After their innocent son became the victim of deadly gang violence, they started an organization where people affected by violence can get support. Meet 2023 Citizens of Courage Carlos and Elizabeth Muñoz, in this video.

Citizens of Courage 2023: Linda Martinez

She came to the aid of a man who was shot outside her home, providing life-saving medical attention, and calling police. Meet 2023 Citizen of Courage Linda Martinez, in this video.

DA Honors Local Heroes at Inspiring ‘Citizens of Courage’ Awards

San Diego County District Attorney Summer Stephan honored five brave individuals on Monday, April 24, 2023 with the DA’s Citizens of Courage Award during the 33rd annual event, which is held as part of National Crime Victims’ Rights Week.

“These individuals all displayed courage in the face of dangerous and trying circumstances,” DA Stephan said. “By honoring them, we’re also shining a light on the many courageous crime victims our office serves in the pursuit of justice every year, and the importance of supporting victims’ rights – a big part of our mission at the District Attorney’s Office.”

This year, the Citizens of Courage Awards ceremony was held in person, after a three-year hiatus when the awards were held virtually. The five individuals were honored in front of 300 invited dignitaries, elected officials, community leaders and guests. Below are the 2023 Citizens of Courage recipients and links to videos telling their stories:


She came to the aid of a man who was shot outside her home, providing life-saving medical attention, and calling police.


After their innocent son became the victim of deadly gang violence, they started an organization where people affected by violence can get support.


Working as a bus driver in North County, she stopped a man who was harassing a teenage girl on the bus, leading to his arrest, conviction and requirement that he register as a sex offender.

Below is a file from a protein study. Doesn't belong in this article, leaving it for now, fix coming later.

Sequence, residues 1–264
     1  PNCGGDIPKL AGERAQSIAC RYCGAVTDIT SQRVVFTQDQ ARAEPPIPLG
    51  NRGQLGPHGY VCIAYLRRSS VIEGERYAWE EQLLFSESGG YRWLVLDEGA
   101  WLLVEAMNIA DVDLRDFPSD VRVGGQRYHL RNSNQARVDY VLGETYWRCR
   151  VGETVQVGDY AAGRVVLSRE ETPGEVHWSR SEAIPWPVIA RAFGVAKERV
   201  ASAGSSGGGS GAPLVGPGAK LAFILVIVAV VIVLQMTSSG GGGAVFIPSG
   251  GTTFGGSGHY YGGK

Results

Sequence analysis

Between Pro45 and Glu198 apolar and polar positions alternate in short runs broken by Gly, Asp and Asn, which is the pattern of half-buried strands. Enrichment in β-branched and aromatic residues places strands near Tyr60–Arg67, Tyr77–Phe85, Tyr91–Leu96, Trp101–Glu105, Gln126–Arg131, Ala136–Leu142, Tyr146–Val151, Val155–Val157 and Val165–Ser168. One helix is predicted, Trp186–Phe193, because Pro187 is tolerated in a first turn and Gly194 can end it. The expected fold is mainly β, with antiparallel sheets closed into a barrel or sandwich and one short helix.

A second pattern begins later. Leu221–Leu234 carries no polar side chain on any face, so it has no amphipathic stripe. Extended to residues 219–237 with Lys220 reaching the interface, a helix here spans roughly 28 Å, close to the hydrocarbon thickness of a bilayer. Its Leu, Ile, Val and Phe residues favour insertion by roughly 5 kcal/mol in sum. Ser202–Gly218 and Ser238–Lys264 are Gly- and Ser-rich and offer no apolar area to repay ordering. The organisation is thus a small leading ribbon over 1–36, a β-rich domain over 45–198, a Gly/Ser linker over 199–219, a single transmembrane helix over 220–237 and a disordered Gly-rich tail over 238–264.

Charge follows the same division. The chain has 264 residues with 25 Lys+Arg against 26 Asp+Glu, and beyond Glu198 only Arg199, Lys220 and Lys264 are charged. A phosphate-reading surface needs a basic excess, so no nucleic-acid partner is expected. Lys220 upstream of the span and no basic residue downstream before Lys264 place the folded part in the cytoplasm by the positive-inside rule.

After witnessing a DUI that ultimately left the victim in a wheelchair, he followed the hit-and-run driver and then alerted police to his location, leading to his arrest and conviction.

The DA’s Victim Services Division strives to reduce the trauma, fear and pain experienced by victims, witnesses, and family members affected by crime. The Victim Assistance Program provides comprehensive services to all crime victims. Victim Advocates are focused on providing assistance to victims of violent crimes. In 2022, they assisted 10,699 new crime victims. This assistance included 600 crisis interventions and 13,202 resources and referrals.


Man who Killed Twin Daughters of Ex-Girlfriend Sentenced to Life Without Parole + 72 Years

San Diego County District Attorney Summer Stephan announced today that defendant Dwayne E. Groves Jr., 41, was sentenced to life without the possibility of parole plus 72 years for murdering 15-year-old twin sisters, Caira and Leah Christopher, in April 2020. Groves pleaded guilty on March 10 to two counts of first-degree murder, a special circumstance allegation of committing multiple murders, and an assault with a firearm count.

On the day of the fatal shootings, Groves arrived at his ex-girlfriend’s home and used a semi-automatic handgun to shoot his way into the residence. Once inside, he shot and killed his ex-girlfriend’s twin 15-year-old daughters, Caira and Leah. He then beat her 22-year-old son, Gary, with the gun, causing multiple lacerations to his head and breaking his arm. Groves’ ex-girlfriend, Joann Hoyt, was able to escape the residence with her younger daughters. Groves fled the scene and tried to avoid arrest but was ultimately located and taken into custody that same day. Law enforcement located the gun on scene with its serial numbers scratched off.

“Anytime that a human being is murdered, there is a sense of deep loss and pain; however, when the lives of innocent children are stolen, we are left with a gaping wound,” DA Stephan said. “This was an unspeakable crime that took the lives of two innocent twin girls who were just beginning their lives. Nothing can make up for the devastation the defendant caused to the family of the victims, but I hope this sentence provides a measure of justice and healing.”